How to Make the Workplace Friendly Without Gossip

by Lisa Finn

Squash office gossip and you'll likely raise the integrity of your employees. There's never anything productive about gossip -- in fact, it puts a cloud over everything from morale to attendance to credibility. But if you cut out back-stabbing behavior and build trust among the group, your employees will reap the many benefits of working in a friendly environment. Simply set a positive tone for how workers are expected to communicate, and insist that everyone respect one another. If you treat your employees well -- honor their feelings, dole out praise when deserved and celebrate office diversity -- the whole office can swim in a sea of camaraderie.

Spread the Love

Fulfilled employees usually don't feel the need to gossip. It's oftentimes the disgruntled, powerless worker who starts circulating office gossip. Combat employee angst by recognizing your employees for bringing in business, closing a deal or simply getting work done ahead of schedule. Reward them with things like vacation days, an unexpected bonus or public praise. Employees who feel valued, trusted and appreciated will have a lower absentee rate, work harder for the company and project a cheerful attitude.

Cultivate Communication

When you get wind of a misunderstanding or issue between employees, it's important to hear both sides of the story so you can understand the facts. Talking separately to each person allows employees to feel valued. Then call a meeting all together. Help your employees get back on track by figuring out the real issues at hand. You can shed some light on how to solve gray issues, but ultimately allow the two people to come up with a solution that works best for both. Open communication will hopefully quell the desire for either employee to gossip about the situation to other office mates.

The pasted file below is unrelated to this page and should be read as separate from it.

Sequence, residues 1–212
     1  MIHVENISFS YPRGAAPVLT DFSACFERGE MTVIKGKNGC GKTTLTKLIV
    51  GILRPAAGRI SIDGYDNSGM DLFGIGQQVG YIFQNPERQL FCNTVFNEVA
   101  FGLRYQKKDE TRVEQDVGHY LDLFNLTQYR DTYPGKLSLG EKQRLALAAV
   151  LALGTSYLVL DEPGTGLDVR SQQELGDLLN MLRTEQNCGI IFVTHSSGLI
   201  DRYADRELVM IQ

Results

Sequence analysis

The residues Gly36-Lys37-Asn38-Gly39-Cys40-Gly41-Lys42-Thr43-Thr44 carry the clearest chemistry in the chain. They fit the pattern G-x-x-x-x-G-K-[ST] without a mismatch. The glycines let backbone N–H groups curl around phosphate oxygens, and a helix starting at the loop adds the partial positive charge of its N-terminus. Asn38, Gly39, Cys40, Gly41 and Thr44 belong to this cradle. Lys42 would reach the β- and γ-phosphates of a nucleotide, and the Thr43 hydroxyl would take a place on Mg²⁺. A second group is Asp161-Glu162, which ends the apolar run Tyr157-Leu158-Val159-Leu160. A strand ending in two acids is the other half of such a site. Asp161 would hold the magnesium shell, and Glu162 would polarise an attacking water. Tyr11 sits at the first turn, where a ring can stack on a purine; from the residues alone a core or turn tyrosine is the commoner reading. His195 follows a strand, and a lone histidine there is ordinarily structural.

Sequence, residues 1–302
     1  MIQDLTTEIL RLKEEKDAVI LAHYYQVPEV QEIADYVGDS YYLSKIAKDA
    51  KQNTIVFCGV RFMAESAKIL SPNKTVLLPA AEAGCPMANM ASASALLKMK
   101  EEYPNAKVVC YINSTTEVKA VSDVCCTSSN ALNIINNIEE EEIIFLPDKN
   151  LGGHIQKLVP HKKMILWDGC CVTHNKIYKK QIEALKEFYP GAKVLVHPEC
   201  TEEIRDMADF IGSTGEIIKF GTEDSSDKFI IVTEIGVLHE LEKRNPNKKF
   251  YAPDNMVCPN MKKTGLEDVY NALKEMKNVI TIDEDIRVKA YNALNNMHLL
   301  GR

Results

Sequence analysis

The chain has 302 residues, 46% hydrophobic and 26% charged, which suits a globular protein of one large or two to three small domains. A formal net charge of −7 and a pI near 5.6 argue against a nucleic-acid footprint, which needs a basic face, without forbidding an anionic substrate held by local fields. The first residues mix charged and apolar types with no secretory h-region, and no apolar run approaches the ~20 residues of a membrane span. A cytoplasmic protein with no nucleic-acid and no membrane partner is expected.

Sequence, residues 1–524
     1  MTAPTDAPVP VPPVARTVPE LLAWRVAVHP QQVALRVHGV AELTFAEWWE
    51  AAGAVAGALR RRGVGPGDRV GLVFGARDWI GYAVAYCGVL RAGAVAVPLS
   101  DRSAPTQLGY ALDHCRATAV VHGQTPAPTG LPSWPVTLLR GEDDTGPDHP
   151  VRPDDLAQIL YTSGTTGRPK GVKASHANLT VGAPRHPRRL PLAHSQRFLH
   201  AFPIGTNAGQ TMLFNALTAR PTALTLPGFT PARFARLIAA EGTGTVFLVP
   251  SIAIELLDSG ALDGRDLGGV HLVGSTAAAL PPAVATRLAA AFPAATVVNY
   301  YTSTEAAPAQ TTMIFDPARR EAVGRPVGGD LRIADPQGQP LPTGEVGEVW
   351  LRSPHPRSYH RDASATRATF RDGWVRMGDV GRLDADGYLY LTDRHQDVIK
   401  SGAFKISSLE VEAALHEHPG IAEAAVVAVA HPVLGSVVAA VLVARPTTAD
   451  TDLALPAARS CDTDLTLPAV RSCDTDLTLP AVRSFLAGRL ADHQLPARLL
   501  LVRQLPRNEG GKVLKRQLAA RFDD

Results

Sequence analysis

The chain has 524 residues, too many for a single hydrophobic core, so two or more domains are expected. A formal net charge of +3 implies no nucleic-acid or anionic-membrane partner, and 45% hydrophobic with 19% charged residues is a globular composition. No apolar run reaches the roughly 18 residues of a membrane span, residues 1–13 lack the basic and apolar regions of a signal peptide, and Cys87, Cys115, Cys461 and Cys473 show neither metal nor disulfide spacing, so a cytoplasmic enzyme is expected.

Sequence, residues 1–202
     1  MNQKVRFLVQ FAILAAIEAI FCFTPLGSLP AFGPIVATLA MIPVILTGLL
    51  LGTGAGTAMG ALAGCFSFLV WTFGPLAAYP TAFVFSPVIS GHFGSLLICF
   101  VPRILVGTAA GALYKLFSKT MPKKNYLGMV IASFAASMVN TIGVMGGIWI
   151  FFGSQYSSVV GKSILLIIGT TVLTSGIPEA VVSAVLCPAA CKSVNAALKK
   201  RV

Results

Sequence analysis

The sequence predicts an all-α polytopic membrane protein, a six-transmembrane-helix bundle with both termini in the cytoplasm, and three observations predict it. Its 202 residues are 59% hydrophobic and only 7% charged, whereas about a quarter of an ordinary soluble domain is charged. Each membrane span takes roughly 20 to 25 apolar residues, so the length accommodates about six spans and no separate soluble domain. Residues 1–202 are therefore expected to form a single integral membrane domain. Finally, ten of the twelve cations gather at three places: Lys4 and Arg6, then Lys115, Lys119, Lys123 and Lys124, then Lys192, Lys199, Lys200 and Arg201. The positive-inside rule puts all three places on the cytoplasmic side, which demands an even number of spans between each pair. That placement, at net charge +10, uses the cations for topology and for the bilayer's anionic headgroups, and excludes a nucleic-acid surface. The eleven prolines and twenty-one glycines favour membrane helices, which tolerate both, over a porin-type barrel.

Smells Like Team Spirit

Setting goals together as a team tells employees that everyone is on the same level in working for the betterment of the company. Talk about where the team would like to be in the next six months and encourage employees to set personal goals. Review these goals at staff meetings to reinforce accountability. It's also a good idea to mix some wackiness into the workplace, says Paul Spiegelman, founder and CEO of Bedford-based Beryl and author of "Why Is Everyone Smiling?" Play games, have fun creating office traditions and give employees creative titles. This softens stressful times and allows individuals to express themselves on a personal level.

Continuous Contact

Make it a priority to walk the halls at work with a smile. Acknowledge staff as you pass by, create opportunities for employees to chat with you and keep your employees informed of company business so they feel important. Exuding an approachable attitude shows employees that you care about them as people, and are aware of their skills and company contributions. It's also a good idea to connect with the staff on things other than work. Bring in a cake for someone's birthday, buy a few gifts for a baby celebration or have everyone sign a card of well wishes when someone leaves the company.

About the Author

Based in Los Angeles, Lisa Finn has been writing professionally for 20 years. Her print and online articles appear in magazines and websites such as "Spa Magazine," "L.A. Parent," "Business," the Famous Footwear blog and many others. She also ghostwrites for mompreneurs and business owners who appear regularly on shows such as Ricki Lake, HGTV, Carson Daly and The Today Show.

Photo Credits

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